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'Outspoken' Hodge back as architecture minister

Margaret Hodge is to return to her role as architecture minister, replacing Barbara Follett

Hodge, who famously turned down the Smithson’s Robin Hood Gardens in East London for listing last year, is back at the DCMS after a year away from the office on compassionate leave.

The Minister for Culture and Tourism stepped down to look after her seriously ill husband until his death in June this year.

Meanwhile Follett, the MP for Stevenage who took over the reins in October 2008, has moved on to the Department for Communities and Local Government.

The returning Hodge has been a controversial figure in the architecture world and an ‘outspoken opponent’ of modernist buildings.

Catherine Croft, director of the Twentieth Century Society, said: ‘Neither minister has been particularly well-disposed towards twentieth century buildings. However, this will be a fresh start for Hodge.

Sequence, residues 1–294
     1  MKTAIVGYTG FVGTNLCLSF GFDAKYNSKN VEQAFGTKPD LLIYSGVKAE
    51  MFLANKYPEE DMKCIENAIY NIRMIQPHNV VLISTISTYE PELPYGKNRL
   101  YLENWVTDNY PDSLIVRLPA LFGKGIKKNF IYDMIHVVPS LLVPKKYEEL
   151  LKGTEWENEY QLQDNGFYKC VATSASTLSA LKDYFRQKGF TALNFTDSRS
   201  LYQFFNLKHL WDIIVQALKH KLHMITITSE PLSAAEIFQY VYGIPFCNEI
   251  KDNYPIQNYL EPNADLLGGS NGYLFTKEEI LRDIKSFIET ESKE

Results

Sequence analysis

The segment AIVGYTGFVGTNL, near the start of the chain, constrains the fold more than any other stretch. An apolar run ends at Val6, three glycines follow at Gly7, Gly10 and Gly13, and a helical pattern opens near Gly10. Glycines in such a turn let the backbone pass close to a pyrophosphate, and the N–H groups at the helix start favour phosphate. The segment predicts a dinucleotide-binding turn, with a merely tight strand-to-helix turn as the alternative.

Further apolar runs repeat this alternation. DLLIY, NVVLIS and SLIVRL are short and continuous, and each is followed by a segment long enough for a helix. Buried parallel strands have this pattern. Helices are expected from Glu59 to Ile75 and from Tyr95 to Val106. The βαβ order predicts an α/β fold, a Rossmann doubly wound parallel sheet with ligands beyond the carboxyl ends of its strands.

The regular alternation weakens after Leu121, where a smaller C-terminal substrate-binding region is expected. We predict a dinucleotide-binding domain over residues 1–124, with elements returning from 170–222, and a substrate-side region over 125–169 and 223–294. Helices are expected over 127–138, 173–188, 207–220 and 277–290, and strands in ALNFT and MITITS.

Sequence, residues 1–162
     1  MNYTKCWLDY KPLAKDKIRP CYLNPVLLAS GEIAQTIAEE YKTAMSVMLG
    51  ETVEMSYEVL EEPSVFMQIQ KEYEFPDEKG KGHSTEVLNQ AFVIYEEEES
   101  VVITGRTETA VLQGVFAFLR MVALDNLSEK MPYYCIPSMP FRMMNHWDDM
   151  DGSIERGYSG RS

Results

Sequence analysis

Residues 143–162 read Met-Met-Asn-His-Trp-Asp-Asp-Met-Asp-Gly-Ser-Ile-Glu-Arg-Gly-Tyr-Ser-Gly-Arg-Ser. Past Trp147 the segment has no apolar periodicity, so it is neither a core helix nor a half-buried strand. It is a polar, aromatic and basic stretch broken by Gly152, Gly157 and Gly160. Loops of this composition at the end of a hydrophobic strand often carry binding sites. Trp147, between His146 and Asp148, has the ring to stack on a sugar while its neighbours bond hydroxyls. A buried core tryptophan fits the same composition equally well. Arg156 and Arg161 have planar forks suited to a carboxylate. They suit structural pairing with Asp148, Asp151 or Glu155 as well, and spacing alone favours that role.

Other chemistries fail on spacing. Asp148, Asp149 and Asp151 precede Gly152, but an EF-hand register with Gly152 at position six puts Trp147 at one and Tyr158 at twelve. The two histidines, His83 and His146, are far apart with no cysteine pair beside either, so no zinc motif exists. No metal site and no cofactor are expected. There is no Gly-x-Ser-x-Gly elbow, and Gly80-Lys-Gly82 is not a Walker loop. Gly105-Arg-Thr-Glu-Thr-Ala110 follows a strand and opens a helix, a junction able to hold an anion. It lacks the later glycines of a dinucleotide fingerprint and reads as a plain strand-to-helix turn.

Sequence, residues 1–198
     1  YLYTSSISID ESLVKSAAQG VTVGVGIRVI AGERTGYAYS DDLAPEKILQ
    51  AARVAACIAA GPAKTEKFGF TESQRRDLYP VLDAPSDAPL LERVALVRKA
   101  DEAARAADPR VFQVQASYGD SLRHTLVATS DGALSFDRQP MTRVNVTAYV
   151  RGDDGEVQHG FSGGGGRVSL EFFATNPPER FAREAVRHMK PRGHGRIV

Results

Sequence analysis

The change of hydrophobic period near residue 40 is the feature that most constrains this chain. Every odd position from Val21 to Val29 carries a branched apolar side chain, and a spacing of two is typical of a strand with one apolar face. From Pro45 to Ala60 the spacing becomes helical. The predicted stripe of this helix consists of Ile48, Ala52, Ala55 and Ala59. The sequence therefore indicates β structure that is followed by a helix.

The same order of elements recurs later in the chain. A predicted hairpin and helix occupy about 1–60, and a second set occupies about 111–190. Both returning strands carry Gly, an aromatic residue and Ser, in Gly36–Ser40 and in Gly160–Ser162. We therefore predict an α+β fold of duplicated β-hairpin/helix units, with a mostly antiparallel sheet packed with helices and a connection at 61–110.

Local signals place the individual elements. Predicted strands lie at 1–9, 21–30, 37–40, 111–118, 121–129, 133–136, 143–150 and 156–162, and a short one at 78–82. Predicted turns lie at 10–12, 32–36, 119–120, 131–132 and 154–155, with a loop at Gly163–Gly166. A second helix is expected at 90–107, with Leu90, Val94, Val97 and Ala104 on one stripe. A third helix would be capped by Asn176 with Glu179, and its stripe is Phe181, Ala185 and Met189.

‘From a personal point of view she has had a really awful time. But hopefully she will take a more enlightened view of post-war buildings now she has returned.’

The society is intending to meet with the DCMS on Thursday (24 September) to discuss a number of issues including the spate of ministerial listing decisions on modernist and brutalist buildings, which have overturned expert advice.

Readers' comments (2)

  • This is not good news really. She did not endear herself to many last time, it wasn't only 20th century buildings which were the problem it was her ignorance of so much connected with her role. Someone fresh would have been better.

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  • Where would architecture currently be if people in the past hadn't put up modern buildings completely at odds with their surroundings. Did Inigo Jones have problems?

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